NBA Summer League consists of first-, second- and third-year players and those who participate in the G League (an NBA affiliate). Summer League started July 2 in Las Vegas, and the championship game was July 22, in which the Blazers played the Lakers, led by Summer League MVP Josh Hart. The Blazers were able to capitalize on a hot start and claim the Summer League title.
The Blazers were filled with young talent. They were able to bring in K.J. McDaniels, who claimed the Finals MVP; Archie Goodwin, who holds the record for most career Summer League points (not sure if that’s a good thing); and John Jenkins, who shot lights out. The Blazers were also filled with talent throughout the roster: Wade Baldwin, Zach Collins, Caleb Swanigan, Jake Layman and draftees Afernee Simons and Gary Trent Jr.
Wade Baldwin IV was a man on a mission. He made second-team All-Summer League. He tied for the team lead in scoring at 13.4 points per game, and led the team in assists with 7.4 per game. He shot 50 percent from deep, while only shooting about two 3s a game, but still shows signs of being a good shooter. Baldwin is also a physical freak. At 6-foot-4, he has a 6-11 wingspan that allows him to be an elite defender. He totally shut down the Rockets’ James Harden in the regular season. Baldwin looks to be the most ready to make an impact and will fill the shoes of Shabazz Napier, who the Blazers let go earlier this summer.
Jake Layman is coming into his third year as a Blazer, and, up until this point, things have been disappointing for the small forward out of Maryland. Layman was able to come out this year in Summer League, showed signs of improvement and that he was ready to make a statement. He was tied for the lead in points per game with 13.4 and was one of Portland’s better defenders, leading the team in steals at 1.4 per game. He was exciting to watch. He made some big-time blocks and some big-time dunks. Layman is very athletic and is able to take it to the rack and put you on a poster, while shooting 54 percent from deep in Summer League. This regular season is an important one for Layman to prove he can be a contributor.
Zach Collins had a lot of hype and expectations going into Summer League. He filled them on the defensive end, averaging 2.7 blocks per game. Collins is great as a rim protector. He can also get out and defend the perimeter. His defensive footwork is solid. He wasn’t the strongest rebounder, but was good enough with nearly seven a game.
Collins struggled on the offensive end, only averaging eight points on 40 percent shooting. He’s taking good shots, just not getting them to fall. If he continues to miss, it could become a problem, but often times shooting is a confidence thing. He just needs to find that confidence in his shot. Look for Collins to get some big minutes this season with fan favorite Ed Davis playing for the Brooklyn Nets.
Caleb Swanigan was a beast on the boards, averaging more than 10 rebounds per game. Swanigan shows a lot of tenacity on the glass. He had a much quicker second jump than last year and was able to snag a few tipped rebounds because of it. He wasn’t able to get his offense going quite like he was able to last year in Summer League, coming away with 16 points per game, which was double his point total this year. Swanigan saw the most minutes out of any Blazer this summer, showcasing his stamina, a knock on him in the past. For Swanigan to get big minutes, he’s going to need to get a little quicker. He struggles in the pick-and-roll and on the perimeter when getting switched on to guards.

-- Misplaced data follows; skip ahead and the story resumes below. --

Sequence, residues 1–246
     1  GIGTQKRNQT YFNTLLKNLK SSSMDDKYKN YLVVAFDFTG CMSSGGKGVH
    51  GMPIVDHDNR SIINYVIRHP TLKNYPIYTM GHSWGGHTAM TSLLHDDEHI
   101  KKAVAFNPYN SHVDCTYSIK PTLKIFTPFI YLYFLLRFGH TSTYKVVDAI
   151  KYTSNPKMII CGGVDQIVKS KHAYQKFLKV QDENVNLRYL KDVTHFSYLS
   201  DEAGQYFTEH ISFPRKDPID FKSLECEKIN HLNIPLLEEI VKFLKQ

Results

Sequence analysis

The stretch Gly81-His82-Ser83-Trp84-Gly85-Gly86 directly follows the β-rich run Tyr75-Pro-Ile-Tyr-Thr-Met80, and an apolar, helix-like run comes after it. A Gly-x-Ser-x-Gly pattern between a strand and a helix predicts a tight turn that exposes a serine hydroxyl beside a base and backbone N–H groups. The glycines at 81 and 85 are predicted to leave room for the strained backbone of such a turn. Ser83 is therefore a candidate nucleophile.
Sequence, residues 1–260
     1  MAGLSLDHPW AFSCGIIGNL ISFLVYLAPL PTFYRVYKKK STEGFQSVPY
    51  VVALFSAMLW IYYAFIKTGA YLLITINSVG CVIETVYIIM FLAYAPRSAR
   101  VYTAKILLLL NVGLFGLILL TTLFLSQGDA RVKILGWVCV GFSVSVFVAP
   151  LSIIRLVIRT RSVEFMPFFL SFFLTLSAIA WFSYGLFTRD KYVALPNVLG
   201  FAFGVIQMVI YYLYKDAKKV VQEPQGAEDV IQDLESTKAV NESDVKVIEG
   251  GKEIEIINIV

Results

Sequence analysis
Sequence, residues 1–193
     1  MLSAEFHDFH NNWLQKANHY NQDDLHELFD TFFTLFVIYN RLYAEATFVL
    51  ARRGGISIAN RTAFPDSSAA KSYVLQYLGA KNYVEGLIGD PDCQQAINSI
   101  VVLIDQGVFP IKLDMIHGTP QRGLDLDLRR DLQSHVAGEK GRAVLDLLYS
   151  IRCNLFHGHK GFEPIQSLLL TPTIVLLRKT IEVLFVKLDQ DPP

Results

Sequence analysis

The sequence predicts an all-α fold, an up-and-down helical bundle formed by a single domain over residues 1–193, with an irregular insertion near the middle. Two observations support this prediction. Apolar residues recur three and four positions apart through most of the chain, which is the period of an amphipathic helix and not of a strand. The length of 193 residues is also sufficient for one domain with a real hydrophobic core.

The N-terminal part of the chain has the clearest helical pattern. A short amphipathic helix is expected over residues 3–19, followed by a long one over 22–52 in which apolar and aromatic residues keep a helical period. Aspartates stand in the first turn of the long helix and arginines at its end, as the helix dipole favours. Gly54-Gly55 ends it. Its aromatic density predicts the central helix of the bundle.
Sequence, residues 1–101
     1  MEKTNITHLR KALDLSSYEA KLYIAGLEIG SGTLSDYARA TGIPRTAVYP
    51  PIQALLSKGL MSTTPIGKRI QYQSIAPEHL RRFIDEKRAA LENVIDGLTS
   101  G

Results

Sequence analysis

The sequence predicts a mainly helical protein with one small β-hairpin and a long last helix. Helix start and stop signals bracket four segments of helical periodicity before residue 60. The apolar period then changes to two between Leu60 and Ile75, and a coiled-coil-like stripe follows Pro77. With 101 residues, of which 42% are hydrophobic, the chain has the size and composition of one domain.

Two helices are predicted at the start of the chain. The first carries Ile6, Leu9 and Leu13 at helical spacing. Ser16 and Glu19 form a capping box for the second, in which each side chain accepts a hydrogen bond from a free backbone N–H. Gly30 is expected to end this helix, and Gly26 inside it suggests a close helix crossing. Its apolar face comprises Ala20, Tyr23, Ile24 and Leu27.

Blazers’ first-round pick Afernee Simons, the young gun from IMG Academy (a high school), had some spurts of solid play. In the second game, he got off to a hot start, knocking down two quick 3s in the first quarter. Some might say that confidence came from Damian Lillard, who told Simons to go out and play like the first-rounder he is — that “we [the Blazers] picked you for a reason.” Simon shot fairly decent from long range, shooting 35 percent from beyond the arc. Simons will probably see few minutes his first year, and maybe even his second, but he is a solid prospect who can really put the ball in the basket.
Gary Trent Jr. was everything we expected him to be. He reminds me of another former Duke Blue Devil, JJ Reddick, yet Trent is a little more solid defensively from what he showed in Summer League. He was able to come away with an average of 1.3 steals per game, second on the team. While not shooting as efficiently as he would have hoped, he showed skill coming off screens, displaying his spot-up shooting ability. Trent is going to take some time to develop and won’t see huge minutes coming off the bench with new additions Nik Stauskas and Seth Curry, two solid perimeter shooters, but look for him to make an impact. His shooting ability will give the Blazers the ability to spread the floor.
While posting good numbers, players such as Archie Goodwin, KJ McDaniels, John Jenkins and a few others will not be a part of the Blazers going forward, as the team did not have a lot of space to fill, both on the roster and in cap. The Blazers played extremely well during the summer, boasting an undefeated record (7-0). Portland’s final roster: Damian Lillard, CJ McCollum, Jusuf Nurkic, Maurice “Mo” Harkless, Evan Turner, Seth Curry, Garr Trent Jr., Zach Collins, Caleb Swanigan, Wade Baldwin IV, Meyers Leonard, Nik Stauskas, Al-Forouq Aminu, Jake Layman, and Afernee Simons.
The Blazers played great team ball last month in Las Vegas and were able to get key plays from key players. While Summer League progress doesn’t always translate to regular season, or postseason success, it was exciting to watch Portland win a Summer League title, especially over the Lakers, who beat the Blazers last year in the championship game.